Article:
Following years of planning, the new Patricia and Phillip Frost Museum of Science will start construction in Downtown Miami's Museum Park. An official groundbreaking ceremony will be held February 24 at 10:30 a.m.
Overlooking Biscayne Bay, the museum marks the latest addition to Miami's rise as a cultural center in South Florida. The new science museum is scheduled to open to the public by early 2015. The current building serves 30,000 to 50,000 school children each year; that number is expected to double when it moves to this new location.
The 250,000-square-foot complex, designed by internationally recognized Grimshaw Architects, will be among the world's most innovative and sustainable science museums. The building is intended to act as a demonstration of sustainability principles, harnessing energy from water, sun, wind and even visitors to the museum. The property will be built on an outdoor landscape of terrestrial and aquatic spaces, featuring a 600,000-gallon aquarium, a full-dome 3-D planetarium, learning center, exhibit annex and cafes.
The museum has enjoyed a successful capital campaign that is still going strong as construction begins. In 2004, voters approved $165 million through the Miami-Dade County Building Better Communities Bond Program to support design and construction. In 2011, Dr. Phillip and Patricia Frost committed $35 million and received naming rights. Just last month the John S. and James L. Knight Foundation committed a challenge grant of $10 million, driving the Museum to approximately $70 million of its $100 million private fundraising goal.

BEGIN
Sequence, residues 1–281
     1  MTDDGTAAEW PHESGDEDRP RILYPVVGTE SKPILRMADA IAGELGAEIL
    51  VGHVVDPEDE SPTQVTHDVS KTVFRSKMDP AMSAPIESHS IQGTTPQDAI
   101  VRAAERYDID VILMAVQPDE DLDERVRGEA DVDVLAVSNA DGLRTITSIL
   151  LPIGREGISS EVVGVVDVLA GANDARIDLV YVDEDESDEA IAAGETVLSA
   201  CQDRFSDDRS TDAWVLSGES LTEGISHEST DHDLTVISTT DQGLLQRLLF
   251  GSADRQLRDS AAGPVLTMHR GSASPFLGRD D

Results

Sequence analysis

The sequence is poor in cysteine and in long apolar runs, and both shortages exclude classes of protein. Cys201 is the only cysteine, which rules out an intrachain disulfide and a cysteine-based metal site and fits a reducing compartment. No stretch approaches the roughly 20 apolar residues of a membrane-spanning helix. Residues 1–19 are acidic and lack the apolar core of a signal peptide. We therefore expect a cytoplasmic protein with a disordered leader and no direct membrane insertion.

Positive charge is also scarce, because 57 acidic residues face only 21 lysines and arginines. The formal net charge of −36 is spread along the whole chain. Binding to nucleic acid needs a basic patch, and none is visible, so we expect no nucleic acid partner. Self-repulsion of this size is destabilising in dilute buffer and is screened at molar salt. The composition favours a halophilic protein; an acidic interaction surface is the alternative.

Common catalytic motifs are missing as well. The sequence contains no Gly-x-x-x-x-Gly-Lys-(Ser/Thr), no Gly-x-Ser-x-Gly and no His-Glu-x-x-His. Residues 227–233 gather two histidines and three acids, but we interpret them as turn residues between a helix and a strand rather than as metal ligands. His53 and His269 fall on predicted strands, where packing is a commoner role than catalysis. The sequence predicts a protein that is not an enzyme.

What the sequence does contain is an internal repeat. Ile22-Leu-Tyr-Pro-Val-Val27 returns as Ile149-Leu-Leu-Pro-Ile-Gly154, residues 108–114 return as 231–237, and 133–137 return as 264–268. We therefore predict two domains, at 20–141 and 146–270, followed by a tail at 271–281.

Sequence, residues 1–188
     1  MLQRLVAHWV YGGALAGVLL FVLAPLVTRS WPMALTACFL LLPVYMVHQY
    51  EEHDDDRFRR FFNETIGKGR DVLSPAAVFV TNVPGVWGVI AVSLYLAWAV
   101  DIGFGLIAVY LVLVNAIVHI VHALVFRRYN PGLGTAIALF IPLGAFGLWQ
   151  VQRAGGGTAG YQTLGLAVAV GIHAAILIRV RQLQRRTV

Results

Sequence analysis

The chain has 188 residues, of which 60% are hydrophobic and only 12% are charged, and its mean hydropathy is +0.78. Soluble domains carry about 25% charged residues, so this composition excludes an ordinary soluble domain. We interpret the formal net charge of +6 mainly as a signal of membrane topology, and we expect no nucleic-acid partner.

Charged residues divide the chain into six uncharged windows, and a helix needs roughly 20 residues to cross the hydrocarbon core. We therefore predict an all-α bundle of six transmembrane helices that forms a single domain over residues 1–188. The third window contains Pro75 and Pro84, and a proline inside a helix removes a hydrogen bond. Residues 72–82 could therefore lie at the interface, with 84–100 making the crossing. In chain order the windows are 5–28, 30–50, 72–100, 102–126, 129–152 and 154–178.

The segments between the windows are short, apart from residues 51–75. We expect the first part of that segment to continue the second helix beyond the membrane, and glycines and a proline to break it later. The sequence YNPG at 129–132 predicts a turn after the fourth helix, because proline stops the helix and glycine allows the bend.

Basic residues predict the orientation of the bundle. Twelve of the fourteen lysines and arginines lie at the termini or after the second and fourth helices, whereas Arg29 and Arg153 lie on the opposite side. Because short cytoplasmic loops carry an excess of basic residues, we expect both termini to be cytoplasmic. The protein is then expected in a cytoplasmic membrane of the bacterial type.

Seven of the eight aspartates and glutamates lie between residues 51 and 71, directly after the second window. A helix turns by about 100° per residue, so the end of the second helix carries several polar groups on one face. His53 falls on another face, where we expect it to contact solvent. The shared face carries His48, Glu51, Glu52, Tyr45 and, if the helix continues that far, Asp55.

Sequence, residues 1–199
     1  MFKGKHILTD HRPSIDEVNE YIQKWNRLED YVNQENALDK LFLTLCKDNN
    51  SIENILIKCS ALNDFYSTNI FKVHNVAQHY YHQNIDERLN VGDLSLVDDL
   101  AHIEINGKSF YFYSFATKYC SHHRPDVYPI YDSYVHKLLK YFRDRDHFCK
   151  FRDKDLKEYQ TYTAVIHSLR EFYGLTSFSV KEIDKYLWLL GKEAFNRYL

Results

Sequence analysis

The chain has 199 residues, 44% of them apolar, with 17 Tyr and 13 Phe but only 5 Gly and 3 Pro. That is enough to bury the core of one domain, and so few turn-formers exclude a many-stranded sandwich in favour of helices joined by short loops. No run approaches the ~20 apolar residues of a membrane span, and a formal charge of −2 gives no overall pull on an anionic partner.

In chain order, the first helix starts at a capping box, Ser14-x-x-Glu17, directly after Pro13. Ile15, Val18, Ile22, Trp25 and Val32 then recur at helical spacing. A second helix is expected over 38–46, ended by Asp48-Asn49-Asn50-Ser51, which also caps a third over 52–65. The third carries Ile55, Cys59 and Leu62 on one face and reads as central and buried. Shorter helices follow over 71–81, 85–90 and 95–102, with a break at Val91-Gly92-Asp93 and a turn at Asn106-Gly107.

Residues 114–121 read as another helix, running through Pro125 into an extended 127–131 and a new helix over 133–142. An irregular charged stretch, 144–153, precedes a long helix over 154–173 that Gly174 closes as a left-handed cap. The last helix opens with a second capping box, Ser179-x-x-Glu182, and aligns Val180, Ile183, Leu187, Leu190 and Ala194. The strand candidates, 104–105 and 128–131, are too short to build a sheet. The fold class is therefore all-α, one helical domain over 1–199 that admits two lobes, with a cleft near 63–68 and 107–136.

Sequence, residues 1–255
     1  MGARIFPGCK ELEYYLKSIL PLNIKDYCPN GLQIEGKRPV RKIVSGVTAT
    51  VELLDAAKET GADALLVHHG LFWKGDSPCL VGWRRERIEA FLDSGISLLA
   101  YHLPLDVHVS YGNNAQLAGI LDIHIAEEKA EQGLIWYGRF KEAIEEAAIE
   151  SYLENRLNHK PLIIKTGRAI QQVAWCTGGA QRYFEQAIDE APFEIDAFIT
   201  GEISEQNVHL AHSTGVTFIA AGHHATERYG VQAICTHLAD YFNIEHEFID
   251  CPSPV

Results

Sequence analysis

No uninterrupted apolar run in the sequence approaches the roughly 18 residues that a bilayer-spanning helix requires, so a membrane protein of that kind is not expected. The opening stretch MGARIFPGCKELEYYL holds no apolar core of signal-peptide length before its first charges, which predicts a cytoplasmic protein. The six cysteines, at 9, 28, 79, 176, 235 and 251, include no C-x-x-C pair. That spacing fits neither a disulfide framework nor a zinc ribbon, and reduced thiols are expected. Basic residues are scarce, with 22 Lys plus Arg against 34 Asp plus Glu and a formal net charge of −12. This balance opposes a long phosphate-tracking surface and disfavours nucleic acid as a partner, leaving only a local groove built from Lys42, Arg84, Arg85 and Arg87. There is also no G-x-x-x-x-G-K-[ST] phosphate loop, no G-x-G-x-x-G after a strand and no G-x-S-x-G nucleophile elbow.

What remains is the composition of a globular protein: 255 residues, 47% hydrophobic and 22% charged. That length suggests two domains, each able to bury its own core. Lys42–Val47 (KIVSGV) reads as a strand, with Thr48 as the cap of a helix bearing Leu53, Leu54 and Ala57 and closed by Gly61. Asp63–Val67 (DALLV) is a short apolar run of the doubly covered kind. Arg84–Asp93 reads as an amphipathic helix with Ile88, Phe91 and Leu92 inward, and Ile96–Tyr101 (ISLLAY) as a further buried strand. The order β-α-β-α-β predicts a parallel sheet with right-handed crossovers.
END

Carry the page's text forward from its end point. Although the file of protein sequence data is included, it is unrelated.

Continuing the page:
"Great cities are home to top tier museums. The new Patricia and Phillip Frost Museum of Science will elevate Miami into this rank while contributing to the city’s emergence as a major international destination for culture and innovation," said Trish and Dan Bell, co-chairs of the Museum’s Board of Trustees. "Our new building should serve as a delightful gathering place for residents and visitors, and we look forward to the Museum greatly enhancing the motivation for science and technology education in the community. It will also be an outstanding economic and architectural asset for the city."
Started with the debut of Art Basel in 2002, a cultural awakening has been sweeping Miami with a year-round commitment to arts and culture. Adjacent to the new science museum is Miami Art Museum's new $220 million Herzog & deMeuron-designed building currently under construction with a completion date of 2013, and the nearby Adrienne Arsht Center, which opened in 2006, is projecting record attendance with more than 500,000 patrons expected to attend 500 performances and events this year.
The groundbreaking ceremony at Museum Park will feature remarks by Miami-Dade County Mayor Carlos Gimenez and City of Miami Mayor Tomás Regalado, Superintendent of Miami-Dade Public Schools Alberto Carvahlo, as well as Dr. Phillip and Mrs. Patricia Frost, Mr. Dan and Mrs. Trish Bell, and Miami Science Museum President Gillian Thomas. The event will also mark the beginning of two new education programs designed to bring leading scientists into Miami public schools to teach children interactively about science and an internship program at the museum for high school students.